One of my weekend pleasures is listening to the Danny Baker Show on Radio Five every Saturday morning. Two hours of trivia and silliness.
I suspect that he isn’t everyone’s cup of Darjeeling for the very reason that he is my cuppa thanks to his butterfly mind, useless facts (some apocryphal) and brazen nostalgia.
Like today when he was reminiscing about magic sets which prompted me to get my David Nixon Junior Magic Box (above) from its hiding place behind a row of books on a shelf for a brief sentimental journey back to my boyhood.
Baker is a few years younger than me and yet he seems to latch onto memories very much from my era. Today he was was talking about Mr Pastry which went whoosh over the head of his co-presenter Lynsey Hipgrave.
I remember the bumbling Richard Hearne character very clearly when I was four or five. I had my tonsils removed at Macclesfield Hospital, as was the norm, and watched Mr Pastry on the black and white children’s ward tv when we had no tv set at home.
Baker joked that after Noel Coward and Ivor Novello, Mr Pastry was the leading star of his time, but he wasn’t far off the mark.
Hearne had a thirty year career with the BBC. He was the first performer be given his own series and was also the first to be known as a ‘television star’. His brand of comedy also travelled well and he was a frequent guest on the Ed Sullivan Show in the America.
It wasn’t much of a leap from Mr Pastry for Baker to move on to trips to the cinema in the fifties and sixties and the phenomenon you just don’t see any more – staying in the cinema for as long as you liked and paying no heed to show times.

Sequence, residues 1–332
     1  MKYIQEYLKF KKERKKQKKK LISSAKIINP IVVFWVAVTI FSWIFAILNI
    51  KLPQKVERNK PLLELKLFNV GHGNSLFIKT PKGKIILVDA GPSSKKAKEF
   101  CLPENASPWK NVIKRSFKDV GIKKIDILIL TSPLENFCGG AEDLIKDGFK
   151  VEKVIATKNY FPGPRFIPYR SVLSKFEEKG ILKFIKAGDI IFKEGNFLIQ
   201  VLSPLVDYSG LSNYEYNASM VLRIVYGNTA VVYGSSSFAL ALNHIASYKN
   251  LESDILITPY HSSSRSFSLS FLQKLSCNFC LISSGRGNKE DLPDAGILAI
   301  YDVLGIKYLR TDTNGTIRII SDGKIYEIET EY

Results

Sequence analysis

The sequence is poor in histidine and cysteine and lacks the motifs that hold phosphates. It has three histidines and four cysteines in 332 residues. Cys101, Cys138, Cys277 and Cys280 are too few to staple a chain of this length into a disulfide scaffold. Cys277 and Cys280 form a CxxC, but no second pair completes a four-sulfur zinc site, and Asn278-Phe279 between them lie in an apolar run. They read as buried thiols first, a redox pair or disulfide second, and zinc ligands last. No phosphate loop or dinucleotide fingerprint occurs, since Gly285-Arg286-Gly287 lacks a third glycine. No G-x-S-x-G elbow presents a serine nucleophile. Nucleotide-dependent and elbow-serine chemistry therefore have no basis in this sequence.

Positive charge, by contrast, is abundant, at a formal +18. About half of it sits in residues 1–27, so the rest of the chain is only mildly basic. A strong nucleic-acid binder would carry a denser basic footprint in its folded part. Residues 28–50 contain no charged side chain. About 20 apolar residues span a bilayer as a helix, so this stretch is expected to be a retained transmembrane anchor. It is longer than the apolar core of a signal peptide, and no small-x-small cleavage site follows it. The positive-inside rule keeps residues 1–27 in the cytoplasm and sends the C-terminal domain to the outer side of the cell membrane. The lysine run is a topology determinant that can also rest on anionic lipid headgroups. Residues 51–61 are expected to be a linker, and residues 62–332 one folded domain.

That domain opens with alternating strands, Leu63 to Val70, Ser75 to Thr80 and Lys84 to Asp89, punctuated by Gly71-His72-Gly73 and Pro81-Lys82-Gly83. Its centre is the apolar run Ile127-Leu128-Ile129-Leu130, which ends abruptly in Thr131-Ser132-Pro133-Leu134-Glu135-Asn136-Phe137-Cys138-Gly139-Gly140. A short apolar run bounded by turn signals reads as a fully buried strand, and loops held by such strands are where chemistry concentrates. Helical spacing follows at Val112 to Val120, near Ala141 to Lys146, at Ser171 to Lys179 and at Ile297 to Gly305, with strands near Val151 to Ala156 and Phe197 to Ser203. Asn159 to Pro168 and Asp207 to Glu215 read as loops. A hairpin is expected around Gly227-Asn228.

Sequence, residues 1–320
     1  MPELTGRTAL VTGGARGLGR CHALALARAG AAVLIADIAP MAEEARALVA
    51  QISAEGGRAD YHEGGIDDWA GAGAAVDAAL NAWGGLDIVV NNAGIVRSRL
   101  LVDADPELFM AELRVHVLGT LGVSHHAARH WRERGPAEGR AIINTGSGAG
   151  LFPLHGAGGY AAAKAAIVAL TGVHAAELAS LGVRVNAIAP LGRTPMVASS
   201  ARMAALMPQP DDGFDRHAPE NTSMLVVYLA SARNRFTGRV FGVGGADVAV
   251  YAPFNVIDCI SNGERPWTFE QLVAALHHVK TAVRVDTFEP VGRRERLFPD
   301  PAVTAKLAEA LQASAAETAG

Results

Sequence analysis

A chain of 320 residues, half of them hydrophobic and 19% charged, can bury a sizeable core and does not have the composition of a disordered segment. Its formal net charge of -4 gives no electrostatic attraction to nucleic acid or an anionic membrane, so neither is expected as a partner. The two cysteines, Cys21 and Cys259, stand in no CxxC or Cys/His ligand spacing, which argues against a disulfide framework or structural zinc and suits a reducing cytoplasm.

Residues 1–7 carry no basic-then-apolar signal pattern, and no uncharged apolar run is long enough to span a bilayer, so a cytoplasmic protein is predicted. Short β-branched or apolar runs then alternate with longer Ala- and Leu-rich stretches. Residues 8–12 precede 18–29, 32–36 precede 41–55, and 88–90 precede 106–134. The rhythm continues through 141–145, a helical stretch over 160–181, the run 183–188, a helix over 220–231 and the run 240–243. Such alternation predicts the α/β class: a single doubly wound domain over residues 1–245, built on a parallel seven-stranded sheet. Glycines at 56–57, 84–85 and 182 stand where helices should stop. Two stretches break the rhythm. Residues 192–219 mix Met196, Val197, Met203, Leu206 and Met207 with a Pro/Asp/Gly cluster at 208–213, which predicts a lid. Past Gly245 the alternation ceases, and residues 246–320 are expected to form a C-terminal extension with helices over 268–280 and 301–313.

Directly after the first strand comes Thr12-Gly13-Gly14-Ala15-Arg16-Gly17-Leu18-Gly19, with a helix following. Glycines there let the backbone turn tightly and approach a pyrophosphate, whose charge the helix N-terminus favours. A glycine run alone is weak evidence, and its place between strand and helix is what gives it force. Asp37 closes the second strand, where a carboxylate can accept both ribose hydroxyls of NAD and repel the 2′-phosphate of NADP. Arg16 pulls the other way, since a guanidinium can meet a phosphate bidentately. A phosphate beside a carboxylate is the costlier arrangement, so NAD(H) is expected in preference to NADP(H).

These days you have to check the time that the film starts, then try and time your arrival for about fifteen minutes later to avoid the endless ads and trailers. It can be a tricky business and at the end of the show, out you go.
Back then you simply wandered in at whatever time was convenient for you and if that meant you missed the first half of the film then you waited for it to start again to catch the bit you missed. Or you could stay and watch it all over again if you wanted to. Happy days.
By the time Baker had moved on to the rattle and clatter of the old film projectors, I was positively wallowing in nostalgia because one of my first jobs included setting up and running an old Bell and Howell projector, not unlike the one on the left.
It was when I was a junior in the Road Safety Office at Manchester City Council and the films we showed were obviously on that theme.
One that was very popular was a Walt Disney short made in 1950 starring Goofy and the mild mannered Mr Walker who turns into the maniacal Mr Wheeler when he gets into his car. Watch it below and you’ll see that not much has changed since then.